London, 1683

I’m back in London for a quick 1001 side trip. Moll Flanders was the 1001 Books Group Read for mid-June to mid-July. The next group read is Tinker, Tailor, Soldier, Spy. That is one very weird transition, but the books are generated randomly from the list, so there you go!

The current July to September score-card looks like this:

  • Orange July 1 2 3
  • Around the World: Africa: 1, 2 Asia 1 South America 1 2 3 4 5 6 Other countries 1 2 3 4
  • 1001 Books 1 2 3 4 5 6 7 8 9 10 11 12 13
  • Nobel: July Aug Sept
  • Pulitzer: July Aug Sept
  • Great Africa Reads: July Aug Sept

Ok, so on to my review of Dafoe’s novel, which I actually enjoyed quite a bit.

Moll FlandersMoll Flanders by Daniel Defoe
My rating: 4 of 5 stars

I did not expect Moll Flanders, written in the 1720s, to be such an easy read. Moll Flanders, which she tells us is not her real name, started life in the early 17th century with no advantages. The child of a woman arrested while pregnant, she was given into the care of strangers from the start. As would be expected, her life did not go smoothly, although her beauty and intelligence allowed her to make the most of opportunities that presented themselves. At first, she was simply unfortunate, and the victim of circumstances and the less-than-pure motives of those around her. Later, she began to survive illegally and by her wits, and even later, she comes to enjoy her life of cunning and crime. However, she is never without conscience or without an ability to connect meaningfully with others. By the end, she is able to build an honest life for herself. Daniel Defoe‘s prose is clear and direct. There are a few usage differences: “backwards” had a meaning then that we don’t use now, but really, the book reads quite easily even to a 21st century reader. The plot is not gripping, but it moves along, and Moll is a sympathetic enough character that it is worth following her convoluted journey to see where it ends up. One of the things I really enjoyed was the writing about the American colonies of the period, not from a historical fiction perspective, but from a contemporary voice.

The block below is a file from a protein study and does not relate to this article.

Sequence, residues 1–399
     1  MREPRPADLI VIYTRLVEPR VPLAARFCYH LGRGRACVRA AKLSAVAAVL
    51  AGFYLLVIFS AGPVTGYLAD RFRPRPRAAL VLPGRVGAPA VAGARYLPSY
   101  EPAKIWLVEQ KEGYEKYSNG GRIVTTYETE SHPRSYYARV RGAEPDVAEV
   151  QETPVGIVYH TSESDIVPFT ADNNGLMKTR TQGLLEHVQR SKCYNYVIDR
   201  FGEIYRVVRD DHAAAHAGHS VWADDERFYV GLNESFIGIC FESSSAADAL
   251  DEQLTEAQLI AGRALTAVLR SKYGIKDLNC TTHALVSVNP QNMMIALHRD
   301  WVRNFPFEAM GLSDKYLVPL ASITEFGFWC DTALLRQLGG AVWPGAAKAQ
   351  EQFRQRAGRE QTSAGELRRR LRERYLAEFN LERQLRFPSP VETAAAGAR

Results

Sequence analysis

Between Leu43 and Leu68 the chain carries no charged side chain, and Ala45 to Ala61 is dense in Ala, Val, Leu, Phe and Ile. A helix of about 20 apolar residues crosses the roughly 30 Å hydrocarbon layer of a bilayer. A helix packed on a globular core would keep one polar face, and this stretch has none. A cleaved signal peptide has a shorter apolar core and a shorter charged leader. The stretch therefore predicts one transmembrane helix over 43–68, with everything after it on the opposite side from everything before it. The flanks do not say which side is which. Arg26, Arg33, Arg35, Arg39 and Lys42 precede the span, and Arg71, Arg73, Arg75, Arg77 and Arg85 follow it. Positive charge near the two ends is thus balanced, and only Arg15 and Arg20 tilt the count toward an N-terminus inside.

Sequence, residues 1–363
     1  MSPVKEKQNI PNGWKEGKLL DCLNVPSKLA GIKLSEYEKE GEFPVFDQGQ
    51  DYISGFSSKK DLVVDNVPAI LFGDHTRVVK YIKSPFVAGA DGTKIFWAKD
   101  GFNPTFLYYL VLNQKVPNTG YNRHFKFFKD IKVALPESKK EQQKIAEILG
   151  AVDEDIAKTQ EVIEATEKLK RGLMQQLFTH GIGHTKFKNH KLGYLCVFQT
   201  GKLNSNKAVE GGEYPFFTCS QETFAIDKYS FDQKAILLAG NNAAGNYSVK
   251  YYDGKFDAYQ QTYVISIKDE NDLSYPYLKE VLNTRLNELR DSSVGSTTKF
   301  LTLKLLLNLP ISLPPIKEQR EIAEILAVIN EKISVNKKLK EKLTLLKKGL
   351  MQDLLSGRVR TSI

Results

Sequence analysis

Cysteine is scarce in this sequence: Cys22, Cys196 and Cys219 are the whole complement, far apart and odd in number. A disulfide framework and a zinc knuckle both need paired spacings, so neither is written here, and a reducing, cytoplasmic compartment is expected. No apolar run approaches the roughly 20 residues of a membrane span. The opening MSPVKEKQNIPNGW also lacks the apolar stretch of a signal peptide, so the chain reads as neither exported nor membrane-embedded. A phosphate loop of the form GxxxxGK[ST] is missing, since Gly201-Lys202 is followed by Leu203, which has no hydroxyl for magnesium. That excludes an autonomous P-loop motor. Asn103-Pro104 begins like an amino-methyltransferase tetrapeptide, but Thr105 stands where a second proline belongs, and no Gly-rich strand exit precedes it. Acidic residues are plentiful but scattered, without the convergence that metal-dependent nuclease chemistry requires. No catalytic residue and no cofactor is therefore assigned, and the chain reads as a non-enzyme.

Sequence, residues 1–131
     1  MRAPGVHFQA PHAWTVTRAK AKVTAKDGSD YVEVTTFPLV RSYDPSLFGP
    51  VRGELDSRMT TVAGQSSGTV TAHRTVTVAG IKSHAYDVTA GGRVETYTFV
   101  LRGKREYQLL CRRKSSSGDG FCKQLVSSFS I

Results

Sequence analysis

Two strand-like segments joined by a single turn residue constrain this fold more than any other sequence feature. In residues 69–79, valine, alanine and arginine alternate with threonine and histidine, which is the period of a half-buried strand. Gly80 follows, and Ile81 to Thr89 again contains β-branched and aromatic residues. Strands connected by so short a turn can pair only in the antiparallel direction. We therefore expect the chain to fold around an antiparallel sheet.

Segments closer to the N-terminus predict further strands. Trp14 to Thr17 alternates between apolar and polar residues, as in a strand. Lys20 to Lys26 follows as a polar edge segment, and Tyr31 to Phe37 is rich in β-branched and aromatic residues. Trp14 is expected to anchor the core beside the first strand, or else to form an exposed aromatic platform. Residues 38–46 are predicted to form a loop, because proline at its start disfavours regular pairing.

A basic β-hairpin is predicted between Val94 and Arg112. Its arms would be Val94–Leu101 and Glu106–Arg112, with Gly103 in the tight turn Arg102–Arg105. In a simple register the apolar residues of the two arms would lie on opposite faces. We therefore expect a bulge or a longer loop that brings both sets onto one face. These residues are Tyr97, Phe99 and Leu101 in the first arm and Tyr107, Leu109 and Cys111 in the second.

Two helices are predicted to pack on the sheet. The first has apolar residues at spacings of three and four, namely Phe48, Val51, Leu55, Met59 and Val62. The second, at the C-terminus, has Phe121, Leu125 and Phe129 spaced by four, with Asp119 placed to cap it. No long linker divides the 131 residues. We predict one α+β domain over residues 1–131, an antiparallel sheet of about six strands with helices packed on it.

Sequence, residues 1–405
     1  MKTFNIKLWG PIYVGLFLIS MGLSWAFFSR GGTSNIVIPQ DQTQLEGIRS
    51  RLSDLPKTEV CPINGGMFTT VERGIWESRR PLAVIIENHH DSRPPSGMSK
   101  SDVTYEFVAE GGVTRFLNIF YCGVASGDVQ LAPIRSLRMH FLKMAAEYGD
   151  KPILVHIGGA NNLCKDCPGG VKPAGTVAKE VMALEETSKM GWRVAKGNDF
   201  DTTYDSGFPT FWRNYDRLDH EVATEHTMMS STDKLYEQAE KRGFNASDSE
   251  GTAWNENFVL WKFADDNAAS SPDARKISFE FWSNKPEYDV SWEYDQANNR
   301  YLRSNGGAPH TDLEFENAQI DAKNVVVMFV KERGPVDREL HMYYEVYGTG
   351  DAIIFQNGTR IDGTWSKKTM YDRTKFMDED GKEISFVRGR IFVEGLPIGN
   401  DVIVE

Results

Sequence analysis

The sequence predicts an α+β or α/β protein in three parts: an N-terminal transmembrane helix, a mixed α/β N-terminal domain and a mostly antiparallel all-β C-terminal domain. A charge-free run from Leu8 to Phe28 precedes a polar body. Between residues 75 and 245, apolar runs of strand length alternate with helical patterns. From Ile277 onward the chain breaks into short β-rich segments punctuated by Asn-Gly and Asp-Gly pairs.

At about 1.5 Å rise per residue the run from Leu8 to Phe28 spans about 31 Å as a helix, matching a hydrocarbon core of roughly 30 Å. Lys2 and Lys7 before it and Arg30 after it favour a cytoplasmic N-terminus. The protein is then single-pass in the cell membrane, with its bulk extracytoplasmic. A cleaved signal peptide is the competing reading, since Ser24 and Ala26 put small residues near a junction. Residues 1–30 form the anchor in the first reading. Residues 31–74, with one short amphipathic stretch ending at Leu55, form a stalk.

View all my reviews

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About Beth Parks Aronson

I am Associate Professor of Psychology at Lamar University. Previously, I was a psychologist in private practice in Jenkintown, PA where I specialized in anxiety disorders and working with people living with chronic and life-threatening illnesses. I am a little addicted to good literature. Ok, a lot addicted.
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